--On Saturday, 22 April, 2006 01:27 -0700 Yuri Inglikov
By the way the "ws." syntax appears "invalid" according to
every RFC I read.
Except the base DNS specs and RFC 1123, which makes accepting it
Um, actually, not only does it not say that, it says exactly the opposite.
Section 5.2.18 describes "common address formatting ERRORS" (emphasis mine).
The fourth bullet item is:
o Some systems over-qualify domain names by adding a
trailing dot to some or all domain names in addresses or
message-ids. This violates RFC-822 syntax.
So you can add RFC 1123 to the list of email-related RFCs that describe
trailing dots as a syntax error.
I can find no reference in RFC 1123 that says accepting a trailing dot
is mandatory anywhere. The closest thing to this I can find is the statement
in section 188.8.131.52 that:
If an abbreviation method is provided, then:
(a) There MUST be some convention for denoting that a name
is already complete, so that the abbreviation method(s)
are suppressed. A trailing dot is the usual method.
But this section is talking about user interfaces, not on-wire protocols. And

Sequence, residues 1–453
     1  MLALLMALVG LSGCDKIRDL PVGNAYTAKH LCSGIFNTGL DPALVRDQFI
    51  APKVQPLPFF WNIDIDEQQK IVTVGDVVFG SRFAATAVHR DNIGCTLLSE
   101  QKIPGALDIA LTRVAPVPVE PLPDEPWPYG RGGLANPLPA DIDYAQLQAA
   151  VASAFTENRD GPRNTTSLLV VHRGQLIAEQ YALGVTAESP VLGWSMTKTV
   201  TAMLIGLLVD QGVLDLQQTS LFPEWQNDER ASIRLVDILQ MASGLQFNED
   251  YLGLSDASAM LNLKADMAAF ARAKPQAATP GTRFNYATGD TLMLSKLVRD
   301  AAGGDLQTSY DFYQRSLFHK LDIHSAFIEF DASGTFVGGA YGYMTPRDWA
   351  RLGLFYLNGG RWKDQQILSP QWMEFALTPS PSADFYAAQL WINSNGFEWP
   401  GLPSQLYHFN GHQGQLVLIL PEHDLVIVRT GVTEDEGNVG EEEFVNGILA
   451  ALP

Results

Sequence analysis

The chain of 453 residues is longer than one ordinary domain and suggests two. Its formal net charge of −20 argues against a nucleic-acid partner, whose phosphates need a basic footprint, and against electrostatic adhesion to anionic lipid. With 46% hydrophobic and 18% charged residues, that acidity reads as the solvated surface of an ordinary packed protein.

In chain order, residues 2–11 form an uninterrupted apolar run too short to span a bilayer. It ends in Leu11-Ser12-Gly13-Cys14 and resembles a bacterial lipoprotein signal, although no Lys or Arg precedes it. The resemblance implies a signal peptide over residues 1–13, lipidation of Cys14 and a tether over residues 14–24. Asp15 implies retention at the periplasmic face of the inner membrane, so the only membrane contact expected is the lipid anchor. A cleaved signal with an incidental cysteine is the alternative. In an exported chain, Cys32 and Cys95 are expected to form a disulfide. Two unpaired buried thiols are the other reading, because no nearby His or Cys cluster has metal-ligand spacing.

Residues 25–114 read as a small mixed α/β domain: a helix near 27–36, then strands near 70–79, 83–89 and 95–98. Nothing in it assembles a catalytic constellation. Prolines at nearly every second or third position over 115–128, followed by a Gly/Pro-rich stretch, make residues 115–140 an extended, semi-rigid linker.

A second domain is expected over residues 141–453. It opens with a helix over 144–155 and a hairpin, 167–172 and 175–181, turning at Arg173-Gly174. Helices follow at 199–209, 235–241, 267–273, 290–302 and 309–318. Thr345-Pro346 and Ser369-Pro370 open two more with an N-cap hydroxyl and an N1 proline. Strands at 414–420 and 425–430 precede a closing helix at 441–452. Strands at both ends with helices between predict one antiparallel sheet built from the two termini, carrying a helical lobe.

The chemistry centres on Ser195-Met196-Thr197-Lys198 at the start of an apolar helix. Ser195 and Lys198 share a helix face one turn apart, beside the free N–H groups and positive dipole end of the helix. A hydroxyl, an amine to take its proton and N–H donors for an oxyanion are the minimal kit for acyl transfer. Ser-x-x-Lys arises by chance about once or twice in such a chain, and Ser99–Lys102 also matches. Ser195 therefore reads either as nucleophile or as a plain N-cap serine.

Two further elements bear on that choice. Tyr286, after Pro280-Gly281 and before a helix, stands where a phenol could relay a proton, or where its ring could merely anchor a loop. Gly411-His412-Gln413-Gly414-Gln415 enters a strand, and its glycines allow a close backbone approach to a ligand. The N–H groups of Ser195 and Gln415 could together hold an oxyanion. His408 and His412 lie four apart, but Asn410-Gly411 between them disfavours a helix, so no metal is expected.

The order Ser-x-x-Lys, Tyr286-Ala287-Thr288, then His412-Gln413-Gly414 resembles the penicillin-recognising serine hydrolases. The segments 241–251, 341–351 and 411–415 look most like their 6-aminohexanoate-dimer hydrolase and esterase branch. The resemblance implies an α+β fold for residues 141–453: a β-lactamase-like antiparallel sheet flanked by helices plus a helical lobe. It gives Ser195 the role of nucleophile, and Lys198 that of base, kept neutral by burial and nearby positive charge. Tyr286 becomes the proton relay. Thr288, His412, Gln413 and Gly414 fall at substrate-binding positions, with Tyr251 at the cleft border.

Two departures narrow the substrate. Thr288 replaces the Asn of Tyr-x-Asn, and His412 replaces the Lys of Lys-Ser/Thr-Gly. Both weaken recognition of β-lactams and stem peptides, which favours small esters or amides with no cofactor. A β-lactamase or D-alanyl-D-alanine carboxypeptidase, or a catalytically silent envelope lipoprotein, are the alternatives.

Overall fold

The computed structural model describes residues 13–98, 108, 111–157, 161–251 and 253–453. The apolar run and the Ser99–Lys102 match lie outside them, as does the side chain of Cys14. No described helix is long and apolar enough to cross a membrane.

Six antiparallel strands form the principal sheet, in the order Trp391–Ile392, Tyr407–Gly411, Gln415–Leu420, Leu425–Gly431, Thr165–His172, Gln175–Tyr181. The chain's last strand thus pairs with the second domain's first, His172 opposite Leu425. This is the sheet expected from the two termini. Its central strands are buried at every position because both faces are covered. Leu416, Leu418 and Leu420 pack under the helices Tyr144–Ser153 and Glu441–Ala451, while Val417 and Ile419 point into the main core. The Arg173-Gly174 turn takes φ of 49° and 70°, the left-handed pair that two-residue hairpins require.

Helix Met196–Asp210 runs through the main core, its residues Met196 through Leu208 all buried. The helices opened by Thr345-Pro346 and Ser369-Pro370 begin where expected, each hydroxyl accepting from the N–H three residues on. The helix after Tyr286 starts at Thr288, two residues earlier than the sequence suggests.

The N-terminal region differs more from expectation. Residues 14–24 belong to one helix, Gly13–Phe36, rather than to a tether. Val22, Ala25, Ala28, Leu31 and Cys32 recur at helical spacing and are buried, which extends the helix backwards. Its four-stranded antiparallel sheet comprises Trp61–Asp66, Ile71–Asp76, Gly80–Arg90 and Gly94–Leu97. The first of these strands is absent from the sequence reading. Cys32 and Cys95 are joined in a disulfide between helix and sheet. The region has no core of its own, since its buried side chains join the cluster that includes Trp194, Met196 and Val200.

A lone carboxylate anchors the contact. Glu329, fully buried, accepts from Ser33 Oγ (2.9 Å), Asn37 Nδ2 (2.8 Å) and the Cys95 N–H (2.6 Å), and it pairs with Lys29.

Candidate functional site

it goes on to say that abbreviations need to be expanded - and the exmaple is
"a mail program". Couple this with the previous assertion that trailing dots
are syntax errors in email and the clear inference is that the user interface
should remove the trailing dot if one is present.
That is, indeed, an issue. But, again, 1123 is crystal-clear on
the subject. And the 2821bis working draft is now consistent
Well, I agree that RFC 1123 is quite clear. But I think it pretty
much says the opposite of this.
Yuri, since you seem to be looking for the bottom line here, I
suggest it is:
(1) Anywhere that "Domain" is permitted as a piece of syntax,
"Domain." is permitted. Not supporting it is bad news. If you
are working on this at Microsoft, note that IE supports the
trailing dot in domain names, so failure to support it in email
would presumably violate the law of least astonishment, provide
a surprising user experience, etc.
I have no problem with supporting a trailing dot in a user interface. Indeed,
I think RFC 1123 can be read as suggesting (although not requiring) that this
However, I have a big problem with extending the on-wire syntax to include
trailing dots. This is a clear break from past usage and I do not think the
benefits are anywhere near commensurate with the costs.